This year, according to the Mayan Calendar, is the year that the world as we know it will end. I have friends who believe this, they maxed took out cr...moreThis year, according to the Mayan Calendar, is the year that the world as we know it will end. I have friends who believe this, they maxed took out credit cards and have charged them up. They took the idea of a bucket list a bit far and have been going nuts making sure their bucket is empty before the end is here. Some have even quit their jobs. Insanity? Perhaps, but perhaps some truth to the world ending as we know it. Perhaps like the Tarot card, Death, it does not mean someone will die but it can mean some aspect associated with their life will die. Whether it is a job, or a relationship or their pet plant Robert, 9 out of 10 times it has nothing to do with an actual life ending. Perhaps this will be the year that Mother Earth answers all the atrocities we have broached upon her crust. The landfills, the pollution, the clear cutting of our majestic forests. Our basically taking for granted of this incredible planet. Living in Alaska I have had a slap in the face and we live as green as we can or I have guilt ridden anxiety attacks when I see an aluminum can in the trash.
What if something happened? What if a plague sweeps over us and killing off more 99% of the population? What would happen to the survivors? When the charge is gone from their iPod’s, the prepared food runs out and they forced to rebuild with the lack of survival skills and ability to milk a cow or plant a crop!
Charlinder’s Walk is a story that asks a few of these questions. It explores sociological, religious, cultural and even genetic implications of just such a thing happening. Alison Mier’s writing really wraps you up in the questions surrounding these what if’s. The world in this alternative history of planet earth ended in 2012 and by 2030 the implications of this pandemic were beginning to come to a head in a small village called Paleola. The Faithful (equivalent to bible thumping non-Christlike Christians who have nothing better to do than force their beliefs down other’s throats) are starting to stir and the large group of agnostics in the village are starting to feel the burn of their fire and brimstone.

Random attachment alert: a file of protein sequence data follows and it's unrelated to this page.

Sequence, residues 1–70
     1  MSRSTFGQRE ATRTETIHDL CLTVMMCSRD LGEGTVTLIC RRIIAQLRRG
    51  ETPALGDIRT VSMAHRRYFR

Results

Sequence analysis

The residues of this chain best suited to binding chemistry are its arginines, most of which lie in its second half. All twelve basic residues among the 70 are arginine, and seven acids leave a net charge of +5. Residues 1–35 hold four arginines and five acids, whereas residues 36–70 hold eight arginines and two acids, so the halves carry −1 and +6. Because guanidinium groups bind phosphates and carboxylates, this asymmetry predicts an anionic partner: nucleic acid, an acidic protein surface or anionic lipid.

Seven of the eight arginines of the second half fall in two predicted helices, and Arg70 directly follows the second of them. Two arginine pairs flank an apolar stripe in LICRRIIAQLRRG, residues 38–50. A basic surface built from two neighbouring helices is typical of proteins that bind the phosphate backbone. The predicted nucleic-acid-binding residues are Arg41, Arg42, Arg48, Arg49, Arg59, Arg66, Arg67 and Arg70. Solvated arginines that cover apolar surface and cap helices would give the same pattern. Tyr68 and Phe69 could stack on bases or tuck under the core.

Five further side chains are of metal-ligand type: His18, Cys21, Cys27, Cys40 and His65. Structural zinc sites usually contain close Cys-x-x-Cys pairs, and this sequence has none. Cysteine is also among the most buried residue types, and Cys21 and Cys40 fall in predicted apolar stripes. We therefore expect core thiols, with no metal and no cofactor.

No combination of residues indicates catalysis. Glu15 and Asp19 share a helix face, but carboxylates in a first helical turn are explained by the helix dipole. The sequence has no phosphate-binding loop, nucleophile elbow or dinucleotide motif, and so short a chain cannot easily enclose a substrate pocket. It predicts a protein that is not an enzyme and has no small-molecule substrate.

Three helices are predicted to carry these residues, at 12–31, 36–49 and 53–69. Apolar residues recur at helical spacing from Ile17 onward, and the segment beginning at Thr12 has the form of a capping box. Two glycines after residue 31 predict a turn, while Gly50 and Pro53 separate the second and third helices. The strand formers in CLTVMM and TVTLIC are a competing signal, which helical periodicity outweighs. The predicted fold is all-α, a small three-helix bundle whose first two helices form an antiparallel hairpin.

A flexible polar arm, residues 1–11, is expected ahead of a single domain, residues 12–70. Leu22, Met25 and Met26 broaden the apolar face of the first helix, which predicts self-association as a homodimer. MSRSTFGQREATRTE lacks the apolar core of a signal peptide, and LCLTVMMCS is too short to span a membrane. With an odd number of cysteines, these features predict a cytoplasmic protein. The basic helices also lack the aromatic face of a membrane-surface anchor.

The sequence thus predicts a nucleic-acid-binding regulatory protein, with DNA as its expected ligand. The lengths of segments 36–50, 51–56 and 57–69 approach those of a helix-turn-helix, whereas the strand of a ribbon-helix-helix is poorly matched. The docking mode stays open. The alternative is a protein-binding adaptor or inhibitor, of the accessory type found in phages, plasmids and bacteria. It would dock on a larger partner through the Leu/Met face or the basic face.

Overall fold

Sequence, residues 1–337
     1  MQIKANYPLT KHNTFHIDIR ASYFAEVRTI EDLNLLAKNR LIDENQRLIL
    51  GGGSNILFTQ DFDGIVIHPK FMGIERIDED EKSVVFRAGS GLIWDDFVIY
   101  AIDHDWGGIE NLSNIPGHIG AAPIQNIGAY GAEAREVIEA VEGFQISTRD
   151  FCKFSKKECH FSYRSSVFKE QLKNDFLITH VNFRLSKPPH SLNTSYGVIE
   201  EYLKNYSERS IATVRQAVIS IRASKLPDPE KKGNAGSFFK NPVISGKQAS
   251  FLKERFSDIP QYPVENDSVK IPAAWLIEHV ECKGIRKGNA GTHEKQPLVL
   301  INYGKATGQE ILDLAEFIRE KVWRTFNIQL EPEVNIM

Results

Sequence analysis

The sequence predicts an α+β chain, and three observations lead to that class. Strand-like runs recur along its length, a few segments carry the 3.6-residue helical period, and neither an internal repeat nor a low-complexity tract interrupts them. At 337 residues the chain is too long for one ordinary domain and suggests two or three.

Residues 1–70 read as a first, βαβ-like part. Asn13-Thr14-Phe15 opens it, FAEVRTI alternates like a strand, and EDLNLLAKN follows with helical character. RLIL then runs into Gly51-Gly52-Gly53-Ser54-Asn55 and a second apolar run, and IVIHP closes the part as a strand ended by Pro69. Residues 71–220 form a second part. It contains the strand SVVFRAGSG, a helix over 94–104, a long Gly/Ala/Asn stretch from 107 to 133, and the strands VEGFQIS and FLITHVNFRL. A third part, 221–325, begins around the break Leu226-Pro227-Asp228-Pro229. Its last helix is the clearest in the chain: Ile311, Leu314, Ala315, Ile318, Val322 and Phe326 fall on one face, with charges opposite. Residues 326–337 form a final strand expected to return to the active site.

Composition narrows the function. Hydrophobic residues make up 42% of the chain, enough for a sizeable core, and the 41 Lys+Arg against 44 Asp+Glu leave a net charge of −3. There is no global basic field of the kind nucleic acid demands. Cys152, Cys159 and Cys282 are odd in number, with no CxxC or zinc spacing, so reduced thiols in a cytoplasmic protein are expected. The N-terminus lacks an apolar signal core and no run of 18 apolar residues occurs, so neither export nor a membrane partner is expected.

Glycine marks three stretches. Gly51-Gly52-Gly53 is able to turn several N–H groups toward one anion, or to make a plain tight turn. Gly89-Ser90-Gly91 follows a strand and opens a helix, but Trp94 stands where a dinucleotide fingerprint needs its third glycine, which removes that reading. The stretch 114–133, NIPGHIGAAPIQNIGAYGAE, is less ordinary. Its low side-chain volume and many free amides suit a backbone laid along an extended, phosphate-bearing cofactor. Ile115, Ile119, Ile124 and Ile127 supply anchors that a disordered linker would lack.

Charlinder’s village maintains a society where the brother’s raise their sister’s children. Paternity is not an issue, though the village infirmary tracks it to maintain purity in the genetics, it has never been a focus of their internal society. Women are encouraged to go bed people from other villages and other families, it is a matter of having babies and making sure the gene pool has large chain of code to choose from. From a sociological perspective it is one of the most ideal societies that could have risen from the ashes of 2012. But most of the Paleolans have never been outside 10 miles away from the village. They spin their cloth, they churn their butter, the milk their ewes and eat soybeans with joy (that takes a LOT in my opinion).
One reason for the openness of the villagers are blessed with the journals of a first generation survivor who butted heads with the Faithful of 2012, who saw the logic in science. Those who know realized then necessity of learning the pre-technological modern world skills needed to live through the first winter and start rebuilding amid the ruins of the planet. These journals happen to birth of many of these questions helped raise the villager’s teacher. Reading the book we get to have a peek at the society immediately post plague and are able to compare it to with life is like 118 years later.
So what happens when this young teacher starts to worry the Faithful will ignore not only the biological implications but also of cultural eruptions of hate within such a tight-knit family/village. That they will stir up hate and discontent that will split this loving and supportive community down the middle. The questions that the journals have built up in him for years and the question that the Faithful are pushing on everyone to believe that God punished us and brought about the plague. But as the author points out within the pages of Eileen’s journal:
There is no burden of proof on choosing God as an answer in the first place, no evidence required for defending Him as your position, and no way to rule Him out of the equation in the end. He is the quickest and easiest way to be right at the beginning, without carrying the risk of ever being proven wrong.”